The Weinland proclamation

John Adam Weinland Shearer says his band is part of the Portland music scene’s class of 2006.

John Adam Weinland Shearer says his band is part of the Portland music scene’s class of 2006.

His fellow classmates are local favorites that are gaining national attention: Norfolk & Western, Laura Gibson, Horse Feathers, The Shaky Hands and Loch Lamond. And while his group may not be as well known, they’re looking to break out with the release of their newest album, La Lamentor.

La Lamentor is the band’s second record, but the first under the name Weinland. After discussion, the band, which consists of Shearer, Aaron Pomerantz, Rory Brown, Ian Lyles and Paul Christensen, changed their moniker from the singular John Weinland, to just plain Weinland. Demersville, the group’s first album, was self-produced directly from the pockets of band members in just five days.

The production of La Lamentor was different. “We had perspective on music in general, and on the first [album] we didn’t,” Shearer said. That perspective included having a better sense of the audience they were recording for, as well as a better sense of the practical process of putting an album out.

La Lamentor is also a creative departure from the band’s previous work. Unlike the recording of Demersville , this time around there were only three songs that everyone knew their parts for prior to recoding: “All to Yourself,” “Gold” and “Desiree.”

The rest of the album was unforced art, with some songs written right there in the studio. That was the case with “Sick as a Gun,” which Shearer sang unrehearsed in the studio. The song was such a product of the moment, that after it was recorded, he didn’t yet know the words to the song.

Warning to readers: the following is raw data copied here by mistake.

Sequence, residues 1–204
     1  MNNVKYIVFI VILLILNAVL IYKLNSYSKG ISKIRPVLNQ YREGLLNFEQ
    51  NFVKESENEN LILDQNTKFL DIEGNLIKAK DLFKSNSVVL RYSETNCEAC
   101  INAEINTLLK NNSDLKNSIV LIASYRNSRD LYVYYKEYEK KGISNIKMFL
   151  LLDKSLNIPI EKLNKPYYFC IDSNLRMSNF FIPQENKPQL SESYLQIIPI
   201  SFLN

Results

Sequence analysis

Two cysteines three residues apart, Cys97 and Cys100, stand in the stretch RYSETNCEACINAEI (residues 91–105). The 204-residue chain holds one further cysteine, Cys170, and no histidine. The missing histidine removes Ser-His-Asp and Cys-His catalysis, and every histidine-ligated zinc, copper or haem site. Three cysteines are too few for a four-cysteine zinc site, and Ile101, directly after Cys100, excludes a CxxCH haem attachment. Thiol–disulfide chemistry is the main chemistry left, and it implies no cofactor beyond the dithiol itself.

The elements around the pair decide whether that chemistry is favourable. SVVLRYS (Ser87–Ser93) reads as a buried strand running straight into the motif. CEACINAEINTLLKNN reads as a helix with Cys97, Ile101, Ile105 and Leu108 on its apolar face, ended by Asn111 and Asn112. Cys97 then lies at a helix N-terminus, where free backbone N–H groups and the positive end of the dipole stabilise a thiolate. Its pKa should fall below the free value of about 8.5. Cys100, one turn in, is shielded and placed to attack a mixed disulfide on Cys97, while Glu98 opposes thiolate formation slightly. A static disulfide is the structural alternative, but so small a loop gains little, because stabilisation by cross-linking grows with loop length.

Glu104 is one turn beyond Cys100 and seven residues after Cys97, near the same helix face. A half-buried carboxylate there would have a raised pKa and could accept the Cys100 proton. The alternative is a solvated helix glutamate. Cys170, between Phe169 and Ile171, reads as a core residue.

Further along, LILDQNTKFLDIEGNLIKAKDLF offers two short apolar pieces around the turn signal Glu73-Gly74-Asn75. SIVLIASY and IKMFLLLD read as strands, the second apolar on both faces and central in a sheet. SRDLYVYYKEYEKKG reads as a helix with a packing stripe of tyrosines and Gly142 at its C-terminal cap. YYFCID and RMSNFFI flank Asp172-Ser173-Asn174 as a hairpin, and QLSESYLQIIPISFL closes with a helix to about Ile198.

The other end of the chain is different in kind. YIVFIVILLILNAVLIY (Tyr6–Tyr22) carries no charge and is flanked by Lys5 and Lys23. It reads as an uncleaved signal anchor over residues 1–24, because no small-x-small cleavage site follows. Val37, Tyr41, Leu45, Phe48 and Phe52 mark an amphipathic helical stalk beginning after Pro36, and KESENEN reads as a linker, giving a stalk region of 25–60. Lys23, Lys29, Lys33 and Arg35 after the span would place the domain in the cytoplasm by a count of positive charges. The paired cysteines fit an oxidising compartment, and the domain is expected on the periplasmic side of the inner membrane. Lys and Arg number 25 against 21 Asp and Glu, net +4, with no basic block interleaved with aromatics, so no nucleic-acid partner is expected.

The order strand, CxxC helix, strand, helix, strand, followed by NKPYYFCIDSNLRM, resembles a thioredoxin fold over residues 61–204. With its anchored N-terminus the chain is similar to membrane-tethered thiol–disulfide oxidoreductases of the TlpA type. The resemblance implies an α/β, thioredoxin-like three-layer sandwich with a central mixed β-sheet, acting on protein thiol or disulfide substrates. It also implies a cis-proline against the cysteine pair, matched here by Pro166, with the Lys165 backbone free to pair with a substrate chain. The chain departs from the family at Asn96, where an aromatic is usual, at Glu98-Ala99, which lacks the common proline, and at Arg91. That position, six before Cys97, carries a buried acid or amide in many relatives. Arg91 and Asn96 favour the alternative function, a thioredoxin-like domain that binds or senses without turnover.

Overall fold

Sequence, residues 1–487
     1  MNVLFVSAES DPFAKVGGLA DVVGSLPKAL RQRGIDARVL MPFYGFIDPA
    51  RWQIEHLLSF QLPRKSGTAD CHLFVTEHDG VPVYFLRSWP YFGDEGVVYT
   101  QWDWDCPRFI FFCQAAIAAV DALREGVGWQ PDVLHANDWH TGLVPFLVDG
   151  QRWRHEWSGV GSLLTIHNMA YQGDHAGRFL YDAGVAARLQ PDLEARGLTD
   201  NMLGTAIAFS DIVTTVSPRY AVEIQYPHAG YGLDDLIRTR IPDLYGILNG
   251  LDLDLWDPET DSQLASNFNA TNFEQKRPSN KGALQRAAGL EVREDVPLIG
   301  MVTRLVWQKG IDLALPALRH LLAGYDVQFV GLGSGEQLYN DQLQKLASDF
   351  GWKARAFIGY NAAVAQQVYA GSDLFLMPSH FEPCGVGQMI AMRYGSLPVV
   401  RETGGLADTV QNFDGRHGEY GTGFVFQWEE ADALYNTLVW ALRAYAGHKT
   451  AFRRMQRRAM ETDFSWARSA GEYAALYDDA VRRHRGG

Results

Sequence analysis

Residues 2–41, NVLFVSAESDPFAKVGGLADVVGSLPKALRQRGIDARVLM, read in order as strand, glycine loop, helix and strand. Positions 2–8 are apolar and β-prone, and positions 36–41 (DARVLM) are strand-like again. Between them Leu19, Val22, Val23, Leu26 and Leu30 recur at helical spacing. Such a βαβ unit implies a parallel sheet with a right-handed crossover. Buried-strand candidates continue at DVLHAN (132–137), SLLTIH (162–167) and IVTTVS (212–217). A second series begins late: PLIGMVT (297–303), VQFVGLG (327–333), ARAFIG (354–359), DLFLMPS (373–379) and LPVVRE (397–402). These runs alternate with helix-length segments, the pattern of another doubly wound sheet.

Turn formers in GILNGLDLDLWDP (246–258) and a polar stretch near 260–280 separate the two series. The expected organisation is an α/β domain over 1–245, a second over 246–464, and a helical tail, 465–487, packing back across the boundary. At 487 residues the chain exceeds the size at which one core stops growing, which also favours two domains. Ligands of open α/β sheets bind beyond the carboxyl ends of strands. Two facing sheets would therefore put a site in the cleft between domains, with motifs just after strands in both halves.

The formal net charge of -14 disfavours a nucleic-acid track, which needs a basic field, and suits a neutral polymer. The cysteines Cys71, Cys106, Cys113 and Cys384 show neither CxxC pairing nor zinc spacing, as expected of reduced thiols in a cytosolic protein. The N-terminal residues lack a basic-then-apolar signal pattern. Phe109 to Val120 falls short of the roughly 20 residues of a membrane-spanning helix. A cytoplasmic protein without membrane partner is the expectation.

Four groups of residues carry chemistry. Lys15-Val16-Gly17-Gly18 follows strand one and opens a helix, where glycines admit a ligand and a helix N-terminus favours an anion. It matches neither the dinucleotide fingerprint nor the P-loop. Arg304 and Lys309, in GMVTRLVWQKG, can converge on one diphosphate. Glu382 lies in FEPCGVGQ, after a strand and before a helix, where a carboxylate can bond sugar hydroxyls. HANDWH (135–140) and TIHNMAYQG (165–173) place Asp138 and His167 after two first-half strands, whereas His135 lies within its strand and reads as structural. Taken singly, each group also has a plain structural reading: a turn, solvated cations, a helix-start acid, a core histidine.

“If it’s not spontaneous, it gets too middle of the road,” Shearer claims, and there must be truth to that, since his music is being praised all over the place.

Weinland’s sound has been likened to Neil Young and Elliott Smith. Welcome comparisons to Shearer, who grew up listening to Neil Young, and counts Smith as one of his favorites. Shearer’s lyrics aren’t too shabby either, who says, “It has to be about the lyrics for me. They’re about and for the listener.”

Admittedly, his songs tend to be a bit melancholy and calling the album La Lamentor definitely wasn’t a mistake. The album isn’t a downer though–if anything, it’s cathartic. The haunting harmonies in “Sick as a Gun” are reminiscent of Iron & Wine’s “Sodom, South Georgia” and leave the same lingering introspective impression. “All to Yourself,” an older song that Shearer included for his girlfriend (only with the rest of the band’s approval), is touching and honest.

Regardless of the impression, you can be assured of Weinland’s sincerity–both on the album and live.

“Songs may seem overly serious for a party atmosphere, but there’s nothing somber about our playing,” said Shearer. “We drink beers, joke and keep up a nice feeling.”

Part of that may come from the variety their shows offer. While one song may be a simple arrangement of guitar and vocals, another might include the sounds of accordions, cello, classical piano and the electric guitar. During their album release party this upcoming Saturday, Laura Gibson and Rachel Blumberg of Norfolk & Western, and Heather Broderick of Lock Lamond will all sing with the band. It promises to be a good experience.

Shearer is going into it with good feelings. “We’re a giddy bunch,” he said. And that genuine excitement shows through when he talks about La Lamentor. “This is definitely the happiest I’ve been about any album.”

Of course as with any work, there are a few issues that arise. In his opinion, “The Devil in Me” sounds a bit too clean, and someone once made the comment that the bridge in “All to Yourself” sounds like Elton John’s “Tiny Dancer.” But he’s realistic. His response to negative feedback: “If some people don’t hate your music, no one is going to love it.”

Rather than universal acceptance and perfection, Shearer is hoping for his audience to find any errors enjoyable. “It’s a hard battle between what’s imperfect and what’s endearing on an indie record.”